Delicious from top to bottom, these steers and pigs are pasture-raised and ready to show you the range and importance of local, grass-fed whole animal butcher. At $100 – $150 per card, this gift is a great value that won’t steer you wrong! These are available for purchase in-store, and you can buy them online!
If you’ve been searching for a pork-free solution to the breakfast meat dilemma, we’ve got excellent news in the form of beef bacon! House-made by our butchers, our cured beef bacon is made from pasture raised cows. These cows, raised by Slope Farms are grass-fed on pastures in upstate New York—less than 200 miles from our store!
Beef is a great bacon alternative because unlike turkey bacon, it maintains a great juicy-to-crispy ratio. Leaner and higher in protein than a slice of pork bacon, it can serve as a meatier headliner with eggs and toast or really power up a BLT. For a really paleo barbecue, use it to top off one of our burgers. Moo-ve on over to our butcher counter to grab the bacon blasts while they last!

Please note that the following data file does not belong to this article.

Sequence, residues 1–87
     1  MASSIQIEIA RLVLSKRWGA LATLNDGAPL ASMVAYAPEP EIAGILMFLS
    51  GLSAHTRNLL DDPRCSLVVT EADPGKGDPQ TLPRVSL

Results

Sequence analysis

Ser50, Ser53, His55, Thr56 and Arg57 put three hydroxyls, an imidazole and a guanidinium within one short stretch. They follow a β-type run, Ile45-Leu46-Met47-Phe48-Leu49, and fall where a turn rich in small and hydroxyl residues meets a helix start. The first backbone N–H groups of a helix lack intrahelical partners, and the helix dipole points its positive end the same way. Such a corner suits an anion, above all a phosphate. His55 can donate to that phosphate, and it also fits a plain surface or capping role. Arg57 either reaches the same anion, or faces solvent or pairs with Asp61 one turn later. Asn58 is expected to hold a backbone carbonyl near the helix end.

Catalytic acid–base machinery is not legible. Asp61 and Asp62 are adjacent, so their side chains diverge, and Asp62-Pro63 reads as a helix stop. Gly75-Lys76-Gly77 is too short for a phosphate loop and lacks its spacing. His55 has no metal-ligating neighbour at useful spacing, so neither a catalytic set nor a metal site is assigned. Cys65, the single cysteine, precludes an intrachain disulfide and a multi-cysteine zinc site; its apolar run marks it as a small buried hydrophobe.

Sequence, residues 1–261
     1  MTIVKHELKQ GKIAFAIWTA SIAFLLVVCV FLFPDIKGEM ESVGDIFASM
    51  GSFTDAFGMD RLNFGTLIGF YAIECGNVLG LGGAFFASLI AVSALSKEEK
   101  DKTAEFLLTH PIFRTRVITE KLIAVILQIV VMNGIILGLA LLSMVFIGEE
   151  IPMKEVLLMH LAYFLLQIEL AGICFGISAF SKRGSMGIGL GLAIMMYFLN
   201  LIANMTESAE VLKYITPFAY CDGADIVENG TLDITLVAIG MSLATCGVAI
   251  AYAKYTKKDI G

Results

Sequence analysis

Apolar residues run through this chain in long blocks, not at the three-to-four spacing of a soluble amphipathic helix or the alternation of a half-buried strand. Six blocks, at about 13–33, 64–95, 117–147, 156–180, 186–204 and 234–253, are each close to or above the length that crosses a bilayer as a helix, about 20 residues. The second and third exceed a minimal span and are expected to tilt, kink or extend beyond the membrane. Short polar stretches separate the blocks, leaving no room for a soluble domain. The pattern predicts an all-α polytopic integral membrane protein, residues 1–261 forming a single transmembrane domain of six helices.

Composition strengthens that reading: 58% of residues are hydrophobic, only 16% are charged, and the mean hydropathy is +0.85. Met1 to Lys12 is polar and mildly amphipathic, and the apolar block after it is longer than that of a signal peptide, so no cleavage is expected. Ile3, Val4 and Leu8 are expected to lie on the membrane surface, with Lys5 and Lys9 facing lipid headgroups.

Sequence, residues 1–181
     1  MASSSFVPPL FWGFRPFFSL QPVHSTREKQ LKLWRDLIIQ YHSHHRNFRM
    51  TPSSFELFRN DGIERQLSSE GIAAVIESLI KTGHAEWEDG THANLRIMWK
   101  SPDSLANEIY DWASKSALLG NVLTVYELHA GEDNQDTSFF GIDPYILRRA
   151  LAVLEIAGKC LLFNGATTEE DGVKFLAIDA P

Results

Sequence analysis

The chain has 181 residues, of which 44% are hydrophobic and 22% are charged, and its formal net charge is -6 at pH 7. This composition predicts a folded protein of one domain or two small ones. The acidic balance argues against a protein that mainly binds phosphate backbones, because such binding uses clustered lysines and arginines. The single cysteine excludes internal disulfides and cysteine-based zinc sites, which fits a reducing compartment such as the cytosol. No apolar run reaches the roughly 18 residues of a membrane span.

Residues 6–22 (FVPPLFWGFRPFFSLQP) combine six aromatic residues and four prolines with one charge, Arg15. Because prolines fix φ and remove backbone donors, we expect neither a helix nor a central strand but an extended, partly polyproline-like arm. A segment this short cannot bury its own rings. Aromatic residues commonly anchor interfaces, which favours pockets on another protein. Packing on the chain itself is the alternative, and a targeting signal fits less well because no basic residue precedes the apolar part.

In celebration of our month-long goat special at the Butcher’s counter, we’ve put together a seasonally inspired recipe comprised of ingredients that can all be found in our shop!
Braised Goat with Sunchoke Mashed Potatoes This recipe serves up to 4 people
Braised Goat Ingredients: 2 lbs. of goat for braising (speak to your butcher for recommendations), allow to come to room temperature Mire poix (2 large carrots, 1 large onion, 1 celery stalk) 1 bay leaf 5 large garlic cloves – smashed 1 sprig of rosemary 1 qt of GG housemade chicken stock Salt & pepper – enough to liberally season the full cut of meat (5-10 minutes before cookin Fresh parsley – optional for garnish